Brave 1.30 supports Microsoft Edge protocol on Windows to become the true default browser on Windows 10 and 11


Brave 1.30 introduces a new option for devices running Windows 10 or Windows 11, which allows the browser to become the default browser for Microsoft Edge’s internal protocol. Searches and internal pages that Microsoft designed using the protocol, microsoft-edge: //, will open in Brave if configured correctly.

Windows 10 and Windows 11 users who make a third-party web browser the default system browser, i.e. any browser other than Microsoft Edge, may notice that some requests are still loaded in Edge. The Start menu’s web search results are a prime example; others include a help file and support links, or when uninstalled programs generate a web page.

Third-party programs like Edge Deflector or BrokenURL have been developed to work around the limitation. These programs register themselves as the default protocol handler for the Microsoft Edge protocol and redirect requests to another browser. Browsers have so far not used the method to hijack Edge protocol requests so that they are opened in the browser and not in the Edge.

Brave 1.30 changes that. The developers analyzed the Microsoft-Edge protocol and how it is defined, and implemented an option in the new version of Brave that gives users the option to make Brave the true default browser on the Windows device.

The functionality is not automated, but the setup is quick. All you have to do after upgrading to Brave 1.30 – check brave: // settings / help to see the version – is initiate a request that uses the protocol. One simple option is to click on a web search result on the Start menu. A “choose your browser” prompt will appear and Brave is one of the options. Check “always use this app” and choose Brave browser from the short list of options.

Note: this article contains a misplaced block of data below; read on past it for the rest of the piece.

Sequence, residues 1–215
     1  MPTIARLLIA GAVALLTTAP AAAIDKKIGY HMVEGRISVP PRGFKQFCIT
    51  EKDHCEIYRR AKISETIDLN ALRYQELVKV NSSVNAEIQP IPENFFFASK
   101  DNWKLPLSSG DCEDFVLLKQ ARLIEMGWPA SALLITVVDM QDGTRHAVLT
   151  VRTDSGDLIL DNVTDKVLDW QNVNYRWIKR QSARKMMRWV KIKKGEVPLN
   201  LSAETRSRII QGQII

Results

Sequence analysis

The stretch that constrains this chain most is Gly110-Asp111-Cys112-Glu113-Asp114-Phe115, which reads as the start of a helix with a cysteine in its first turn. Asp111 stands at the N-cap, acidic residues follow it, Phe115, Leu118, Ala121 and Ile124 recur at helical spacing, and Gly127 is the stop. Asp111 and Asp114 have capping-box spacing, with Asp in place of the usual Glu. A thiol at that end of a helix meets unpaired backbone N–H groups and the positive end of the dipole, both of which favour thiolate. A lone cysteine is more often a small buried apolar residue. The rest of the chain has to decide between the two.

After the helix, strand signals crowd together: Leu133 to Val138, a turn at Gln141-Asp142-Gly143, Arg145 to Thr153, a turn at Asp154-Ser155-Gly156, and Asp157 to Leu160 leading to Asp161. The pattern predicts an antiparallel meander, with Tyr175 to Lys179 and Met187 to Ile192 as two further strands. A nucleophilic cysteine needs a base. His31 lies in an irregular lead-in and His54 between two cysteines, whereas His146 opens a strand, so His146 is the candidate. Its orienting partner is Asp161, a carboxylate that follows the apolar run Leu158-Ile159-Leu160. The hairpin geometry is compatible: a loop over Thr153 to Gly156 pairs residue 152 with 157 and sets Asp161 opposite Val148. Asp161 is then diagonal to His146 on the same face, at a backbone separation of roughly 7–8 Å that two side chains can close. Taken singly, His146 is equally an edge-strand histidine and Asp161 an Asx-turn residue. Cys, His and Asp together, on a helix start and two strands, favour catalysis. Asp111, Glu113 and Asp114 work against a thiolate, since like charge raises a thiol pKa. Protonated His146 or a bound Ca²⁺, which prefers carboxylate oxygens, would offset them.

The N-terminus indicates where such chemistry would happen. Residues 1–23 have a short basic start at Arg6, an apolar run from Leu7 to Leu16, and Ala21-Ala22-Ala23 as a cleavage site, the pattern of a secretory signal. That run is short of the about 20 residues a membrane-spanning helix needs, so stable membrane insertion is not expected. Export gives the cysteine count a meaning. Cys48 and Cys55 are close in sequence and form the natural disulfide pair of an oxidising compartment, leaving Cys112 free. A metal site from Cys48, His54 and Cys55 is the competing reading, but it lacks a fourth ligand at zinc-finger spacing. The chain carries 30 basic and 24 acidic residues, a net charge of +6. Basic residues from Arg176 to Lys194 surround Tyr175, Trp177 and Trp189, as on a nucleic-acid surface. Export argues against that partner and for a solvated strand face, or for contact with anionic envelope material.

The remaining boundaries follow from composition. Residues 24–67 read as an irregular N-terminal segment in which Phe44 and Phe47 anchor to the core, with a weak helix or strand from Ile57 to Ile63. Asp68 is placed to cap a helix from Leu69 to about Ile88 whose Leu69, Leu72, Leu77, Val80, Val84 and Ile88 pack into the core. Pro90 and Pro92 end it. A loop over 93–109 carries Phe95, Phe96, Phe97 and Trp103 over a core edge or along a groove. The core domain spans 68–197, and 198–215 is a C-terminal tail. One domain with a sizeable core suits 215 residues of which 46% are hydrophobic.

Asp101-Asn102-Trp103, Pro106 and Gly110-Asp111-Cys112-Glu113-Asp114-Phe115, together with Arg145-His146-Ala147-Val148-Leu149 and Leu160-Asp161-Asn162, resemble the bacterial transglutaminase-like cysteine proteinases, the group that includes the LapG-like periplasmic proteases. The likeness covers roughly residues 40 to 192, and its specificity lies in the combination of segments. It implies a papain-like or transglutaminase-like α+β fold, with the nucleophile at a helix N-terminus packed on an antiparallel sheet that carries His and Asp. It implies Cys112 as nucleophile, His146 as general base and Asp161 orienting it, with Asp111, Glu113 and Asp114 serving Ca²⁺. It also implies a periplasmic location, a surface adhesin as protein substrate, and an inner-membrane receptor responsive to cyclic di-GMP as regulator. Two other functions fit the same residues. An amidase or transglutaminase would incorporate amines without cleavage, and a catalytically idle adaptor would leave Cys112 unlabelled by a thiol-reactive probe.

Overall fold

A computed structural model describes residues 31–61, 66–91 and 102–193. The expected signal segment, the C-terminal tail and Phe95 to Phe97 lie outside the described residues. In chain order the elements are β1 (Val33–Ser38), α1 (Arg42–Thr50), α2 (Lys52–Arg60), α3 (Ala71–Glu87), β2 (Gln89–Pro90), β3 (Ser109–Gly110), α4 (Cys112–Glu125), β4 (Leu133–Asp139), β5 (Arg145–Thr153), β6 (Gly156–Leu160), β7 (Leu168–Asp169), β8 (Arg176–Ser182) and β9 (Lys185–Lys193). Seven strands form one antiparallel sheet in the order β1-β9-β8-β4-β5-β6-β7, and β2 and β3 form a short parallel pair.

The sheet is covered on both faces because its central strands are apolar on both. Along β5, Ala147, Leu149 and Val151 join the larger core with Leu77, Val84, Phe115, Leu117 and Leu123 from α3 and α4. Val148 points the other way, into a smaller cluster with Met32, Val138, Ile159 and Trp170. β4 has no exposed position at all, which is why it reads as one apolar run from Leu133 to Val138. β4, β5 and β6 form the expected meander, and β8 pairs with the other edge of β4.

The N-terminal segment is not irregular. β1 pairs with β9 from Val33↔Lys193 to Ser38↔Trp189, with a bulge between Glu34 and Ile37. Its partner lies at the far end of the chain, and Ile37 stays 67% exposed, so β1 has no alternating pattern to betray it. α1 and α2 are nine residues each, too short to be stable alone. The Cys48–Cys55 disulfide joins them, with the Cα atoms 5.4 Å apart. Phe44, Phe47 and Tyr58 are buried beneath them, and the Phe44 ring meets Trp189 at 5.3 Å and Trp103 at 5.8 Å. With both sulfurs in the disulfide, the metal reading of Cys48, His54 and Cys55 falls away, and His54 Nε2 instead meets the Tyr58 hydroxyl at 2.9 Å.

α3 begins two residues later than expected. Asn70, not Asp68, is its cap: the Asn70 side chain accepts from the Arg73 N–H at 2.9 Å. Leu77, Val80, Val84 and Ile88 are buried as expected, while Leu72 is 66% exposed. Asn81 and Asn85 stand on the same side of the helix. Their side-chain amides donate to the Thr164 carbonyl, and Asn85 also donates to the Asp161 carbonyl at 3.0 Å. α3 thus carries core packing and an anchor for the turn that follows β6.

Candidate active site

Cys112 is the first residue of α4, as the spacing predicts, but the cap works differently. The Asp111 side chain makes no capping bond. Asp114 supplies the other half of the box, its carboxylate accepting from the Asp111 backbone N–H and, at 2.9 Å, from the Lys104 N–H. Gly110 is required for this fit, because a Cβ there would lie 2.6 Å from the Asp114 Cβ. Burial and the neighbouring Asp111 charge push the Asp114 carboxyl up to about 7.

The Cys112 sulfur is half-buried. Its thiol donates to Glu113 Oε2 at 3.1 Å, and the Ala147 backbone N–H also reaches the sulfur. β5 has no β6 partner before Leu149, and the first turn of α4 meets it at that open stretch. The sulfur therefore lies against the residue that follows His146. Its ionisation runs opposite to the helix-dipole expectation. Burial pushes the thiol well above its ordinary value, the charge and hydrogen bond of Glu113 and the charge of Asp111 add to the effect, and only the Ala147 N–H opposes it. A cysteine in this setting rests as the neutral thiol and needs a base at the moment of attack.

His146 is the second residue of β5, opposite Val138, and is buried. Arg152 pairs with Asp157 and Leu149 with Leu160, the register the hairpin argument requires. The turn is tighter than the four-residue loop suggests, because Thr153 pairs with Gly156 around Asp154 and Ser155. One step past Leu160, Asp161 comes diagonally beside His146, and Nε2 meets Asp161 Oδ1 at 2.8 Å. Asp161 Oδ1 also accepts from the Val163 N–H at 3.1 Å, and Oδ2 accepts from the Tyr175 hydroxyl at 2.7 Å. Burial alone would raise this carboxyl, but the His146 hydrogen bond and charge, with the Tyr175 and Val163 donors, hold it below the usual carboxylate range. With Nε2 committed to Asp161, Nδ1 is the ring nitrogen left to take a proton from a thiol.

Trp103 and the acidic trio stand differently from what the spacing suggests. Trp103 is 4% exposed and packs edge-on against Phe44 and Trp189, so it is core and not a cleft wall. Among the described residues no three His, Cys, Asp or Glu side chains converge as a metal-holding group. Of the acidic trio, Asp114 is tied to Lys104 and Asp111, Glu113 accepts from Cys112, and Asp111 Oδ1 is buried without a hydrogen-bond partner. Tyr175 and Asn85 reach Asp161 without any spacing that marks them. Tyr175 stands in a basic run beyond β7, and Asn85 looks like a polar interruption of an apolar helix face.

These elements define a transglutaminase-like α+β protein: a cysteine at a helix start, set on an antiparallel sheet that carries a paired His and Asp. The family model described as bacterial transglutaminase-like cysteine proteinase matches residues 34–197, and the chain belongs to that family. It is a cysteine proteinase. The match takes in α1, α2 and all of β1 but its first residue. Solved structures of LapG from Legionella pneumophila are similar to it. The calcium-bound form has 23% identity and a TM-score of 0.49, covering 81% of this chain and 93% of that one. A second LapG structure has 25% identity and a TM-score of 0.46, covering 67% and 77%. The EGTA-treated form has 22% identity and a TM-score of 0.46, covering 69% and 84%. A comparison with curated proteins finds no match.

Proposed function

Configuration in settings

You can also set Brave in the settings. Use Windows-I to open the Settings app or go to Start> Settings.

In Windows 10:

  1. Go to Applications> Default applications> Choose default applications by protocol.
  2. Locate “Microsoft-Edge” on the page that opens in the Name column.
  3. Left click on Microsoft Edge in the second column and choose Brave from the “Choose an app” list to make it the default for the protocol.

For Windows 11:

  1. Go to Apps> Default apps> Choose defaults by link type.
  2. Locate “Microsoft-Edge” on the page that opens in the Name column.
  3. Left click on Microsoft Edge in the second column and choose Brave from the “Choose an app” list to make it the default for the protocol.

The change takes effect immediately. Run another web search from Start and you’ll notice the results open in Brave and no longer in Microsoft Edge. Note that Bing is always used during searches and that it includes several parameters. Brave has an open discussion thread on GitHub, and they may resolve this issue in a later version of the browser as well.

Brave 1.30 introduces a handful of other features. Browser users can enable the new “Index other search engines” option to automatically add search engines that support the OpenSearch specification to Brave. Linux and Mac administrators can turn off Tor through a new policy, and Brave’s content blocker now allows first-party requests in the standard (default) setting. You can check everything

Closing words

It’s probably only a matter of time before other third-party browsers implement similar functionality. There is no good reason, other than to push Microsoft Edge, to limit a browser protocol on Windows.

Summary

Brave 1.30 supports Microsoft Edge protocol on Windows to become the true default browser on Windows 10 and 11

Article name

Brave 1.30 supports Microsoft Edge protocol on Windows to become the true default browser on Windows 10 and 11

The description

Brave 1.30 includes a new option to make it the default handler for Windows 10 and 11’s internal Edge protocol, which was previously reserved for Microsoft Edge.

Author

Martin Brinkmann

Editor

Ghacks Technology News

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